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​Immigration expert Meissner discusses law enforcement

Event honors Law Prof. David Martin's 35th anniversary on faculty

The Law School's Immigration Law Program and the Journal of Law and Politics held a symposium Friday to discuss the future of immigration enforcement, focusing on problems in the United States’ immigration enforcement system.

Speakers and panelists from academia and the government discussed finding stable and sustainable solutions to immigration control. The symposium also honored Law Prof. David Martin, an expert in immigration, constitutional law, and international law, who will celebrate 35 years on the Law School faculty next fall.

Doris Meissner, senior fellow and director of the U.S. Immigration Policy Program at the Migration Policy Institute, gave the keynote address. Meissner, formerly the commissioner of the U.S. Immigration and Naturalization Service, said the United States is entering a new age of immigration.

“The era of large scale unauthorized migration that we’ve been experiencing for four decades from Mexico is over,” Meissner said.

Migrants crossing the border today are doing so for different reasons than in the past, she said, and the new situation calls for creative new solutions. — which may not come from Congress.

“When you look at the politics of what has kept immigration reform from happening, it is entirely possible that we will not have a Congress that can enact immigration reform, so we have to work with what we have,” she said. “Immigration reform is not saving us, and it may not save us for a while.”

Martin said the symposium focused on enforcement rather than reform because it is an important issue that often does not receive a lot of publicity.

“Immigration reform generally is an important issue,” Martin said. “We wanted to focus on a side that hasn’t gotten as much attention: enforcement, and what kind of enforcement measures can we adopt in the future. … [Meissner] provided a good and full analysis of the situation and what we’ve been able to do.”

Third-year Law student Rhett Ricard, editor-in-chief of the Journal of Law and Politics, agreed.

“I hope attendees gained an understanding of the competing conceptions on how to move forward for immigration enforcement,” Ricard said in an email. “Any future action on immigration enforcement, if any occurs, will likely be accomplished through executive action. Such action raises a host of political and legal issues, such as how the electorate will respond to executive actions on immigration and how does executive action undermine and/or strengthen the rule of law concerning statutory duties for immigration enforcement.”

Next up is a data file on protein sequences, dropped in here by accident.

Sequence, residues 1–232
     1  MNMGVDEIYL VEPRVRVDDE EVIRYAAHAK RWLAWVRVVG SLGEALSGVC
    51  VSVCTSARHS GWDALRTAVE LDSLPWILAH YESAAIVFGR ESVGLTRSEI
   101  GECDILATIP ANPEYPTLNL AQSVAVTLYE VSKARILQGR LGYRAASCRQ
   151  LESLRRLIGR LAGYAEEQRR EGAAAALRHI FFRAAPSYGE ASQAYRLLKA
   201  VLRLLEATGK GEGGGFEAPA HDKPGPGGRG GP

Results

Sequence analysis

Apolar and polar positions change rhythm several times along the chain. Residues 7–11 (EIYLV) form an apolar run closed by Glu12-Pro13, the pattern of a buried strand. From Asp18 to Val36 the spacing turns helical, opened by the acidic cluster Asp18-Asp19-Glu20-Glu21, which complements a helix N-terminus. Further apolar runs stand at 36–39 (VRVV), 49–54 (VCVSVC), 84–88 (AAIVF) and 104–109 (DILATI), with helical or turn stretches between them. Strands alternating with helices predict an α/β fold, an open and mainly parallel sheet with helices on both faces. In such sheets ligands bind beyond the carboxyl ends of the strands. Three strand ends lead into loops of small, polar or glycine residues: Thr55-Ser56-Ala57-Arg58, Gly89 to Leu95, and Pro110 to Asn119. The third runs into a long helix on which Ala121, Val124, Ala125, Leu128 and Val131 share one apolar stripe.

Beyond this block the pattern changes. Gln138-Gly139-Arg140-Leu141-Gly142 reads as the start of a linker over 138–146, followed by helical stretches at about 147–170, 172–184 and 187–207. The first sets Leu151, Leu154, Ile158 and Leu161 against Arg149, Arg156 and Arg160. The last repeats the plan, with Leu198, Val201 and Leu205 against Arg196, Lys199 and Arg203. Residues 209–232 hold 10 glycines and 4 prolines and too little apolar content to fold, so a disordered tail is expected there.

Meissner said the new trends in immigration are not well understood by the public.

“There are certainly still crossers,” Meissner said, but “we’ve had no new net illegal immigration from Mexico for at least five years.”

Meissner laid out several reasons for the shift in crossings over the southwest border. Fertility in Mexico has significantly decreased, the recession in the United States has lessened the allure of the American job market and Mexico’s job market has become steadier, she said.

In addition to these structural changes, federal legislation in 1996 “greatly expanded… the grounds for removal” of immigrants, and changed the way deportations are carried out.

“A fundamental shift [occurred], from removing people through informal methods to formal methods of removal,” Meissner said. Before 1996, formal deportations accounted for only 3 percent of deportations at the southwest border. Now, almost 75 percent of all deportations are formal.

“People who have been formally removed become ineligible for visa,” Meissner said, and they are likely to receive criminal charges if they come back.

Meissner said 68,000 unaccompanied children crossed the southwest border this summer, and the crisis might not be over.

“The issues have gone off the front pages,” Meissner said. “But the fundamentals are still in place. This crisis [is] a reason to think more carefully and more broadly about the new challenges that face our system.”

Meissner proposed re-thinking legal representation, the roles of various agencies, and the place of the United States within the region.

“The deeper causes for migration comes from the conditions in these [Latin-American] countries,” Meissner said. “These countries are going to have to change dramatically for immigration to change. Violence is tied to drugs, and the demands for drugs is in this country. … We are tied together [with those countries]. So what is our shared responsibility as part of the region?”